Whether you’ve been working on your novel for years or you dashed it off during NaNoWriMo, revision has to be the next step after the cooling off period. But where do you start? Today, let’s look at how to begin novel revision. It won’t feel as scary if you have a plan.
Writing Tip for Today: Here are some ideas for planning your revisions.
Notice the capital “s” on the word revisionS. It hints that you will be revising more than once. In fact, unlike the notion of proofing as revision, novelists must learn to revise in layers. The point is, a novel draft is a pulsing heap of words that is alive but too disorganized to get up and walk off like Frankenstein’s monster. In order to be sure your readers have a good chance of experiencing the story as you intend, think of your novel draft this way: All the pieces are probably in there someplace, but often they’re mixed up, half-baked or too obscure to work. Maybe Frank has two left feet and no arms. You will be rewriting until Frankenstein can walk under his own power.
Start with Storyboard
While some may revise by starting again at page one, a better strategy might be to storyboard before you dive in. Create a habit of writing a one or two sentence summary of what happens in each scene in the story. If you do, you won’t have to spend time writing them after your draft is done. Write each of these scene summaries on either a post-it note, a three by five card or enter them into Scrivener. Sometimes I simply list the scenes on a piece of paper. However you do the exercise, note on each card where it falls in the draft—by chapter or by page number—then set all the scene cards in order on a flat surface and stand back. As you scan through the summaries, you’ll be able to get a sense of how the story moves (or doesn’t!). With this method, you can spot plot points, holes in your plot, repetitive scenes, scenes that don’t move the story, etc. After diagnosis, I often jot notes on the cards, indicating what I’m going to do to remedy. Sometimes I have to revisit those remedies, but knowing about where the problem occurs in the manuscript helps me locate areas where I want to change things. If you’ve ever wandered around in your manuscript, looking for something specific, you know what a time waster it is to be in the forest trying to find a certain tree. Storyboarding is like dropping bread crumbs to help find your way home.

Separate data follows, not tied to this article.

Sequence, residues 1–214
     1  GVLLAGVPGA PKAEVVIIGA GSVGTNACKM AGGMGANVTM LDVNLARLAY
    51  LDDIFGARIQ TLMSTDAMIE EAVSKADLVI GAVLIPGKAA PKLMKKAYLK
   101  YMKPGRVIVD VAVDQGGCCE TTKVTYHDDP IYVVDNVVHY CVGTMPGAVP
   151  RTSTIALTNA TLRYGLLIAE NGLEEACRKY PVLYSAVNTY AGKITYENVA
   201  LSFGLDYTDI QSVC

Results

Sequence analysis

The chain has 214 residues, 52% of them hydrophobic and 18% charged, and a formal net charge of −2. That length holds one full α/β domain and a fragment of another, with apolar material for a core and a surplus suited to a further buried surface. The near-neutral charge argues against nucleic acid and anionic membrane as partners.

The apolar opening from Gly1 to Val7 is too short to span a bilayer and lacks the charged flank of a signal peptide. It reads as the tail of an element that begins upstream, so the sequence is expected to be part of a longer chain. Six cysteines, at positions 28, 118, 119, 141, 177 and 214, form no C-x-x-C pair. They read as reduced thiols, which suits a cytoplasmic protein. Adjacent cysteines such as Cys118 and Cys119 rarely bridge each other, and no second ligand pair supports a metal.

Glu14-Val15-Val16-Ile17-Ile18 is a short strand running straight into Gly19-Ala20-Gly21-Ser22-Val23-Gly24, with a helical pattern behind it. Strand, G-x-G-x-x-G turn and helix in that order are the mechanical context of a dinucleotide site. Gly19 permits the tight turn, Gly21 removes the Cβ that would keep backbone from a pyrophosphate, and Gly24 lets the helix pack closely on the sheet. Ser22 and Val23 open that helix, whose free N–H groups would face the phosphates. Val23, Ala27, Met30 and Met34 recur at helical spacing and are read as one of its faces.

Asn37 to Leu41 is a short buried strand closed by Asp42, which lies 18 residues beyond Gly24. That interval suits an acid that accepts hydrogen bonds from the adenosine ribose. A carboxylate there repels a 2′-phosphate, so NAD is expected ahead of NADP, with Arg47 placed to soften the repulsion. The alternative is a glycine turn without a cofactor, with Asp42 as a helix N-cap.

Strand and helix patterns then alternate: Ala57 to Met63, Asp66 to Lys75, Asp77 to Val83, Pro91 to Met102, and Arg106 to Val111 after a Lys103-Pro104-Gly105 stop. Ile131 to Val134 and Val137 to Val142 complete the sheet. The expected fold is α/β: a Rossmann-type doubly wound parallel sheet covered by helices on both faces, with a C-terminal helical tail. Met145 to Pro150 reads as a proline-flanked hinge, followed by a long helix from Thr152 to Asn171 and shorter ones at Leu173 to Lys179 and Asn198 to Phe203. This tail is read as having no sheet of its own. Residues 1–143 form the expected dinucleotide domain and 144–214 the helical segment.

The Arc of the Story
Every story must contain certain elements that readers expect and good stories have in spades. You’ve probably heard that the story must have an “arc” to it. Some call this arc a journey, others compare it to a three-act play. As long as the crucial elements are present, the arc can journey or unfold in acts as long as it keeps readers reading. You give your character a goal or a desire—but not just any old desire or goal. The biggest part of the story arc is why the protagonist’s goal matters. This is known as the STAKES of the novel, or why the goal is important. Ask yourself what your character’s consequences will be if the goal is not attained. SO WHAT? If your answer is anything short of catastrophe, you may need to rethink the goal and raise the stakes. Be sure your character is desperate to achieve this goal, and place worthy obstacles (opposition that is not too easily overcome) in her way. Don’t allow your character to “win” too soon, and keep adding pressure. Force your character to act to overcome the worst obstacle in your climax scene (don’t let the cavalry or Mom & Dad save the day). By accepting multiple revisions are a part of novel writing, by story boarding your scenes and by evaluating your story’s structure, you will be giving your novel “good bones.” Then, as you delve further into your scenes, the story itself can stand.
NEXT TIME: More Big Picture Edits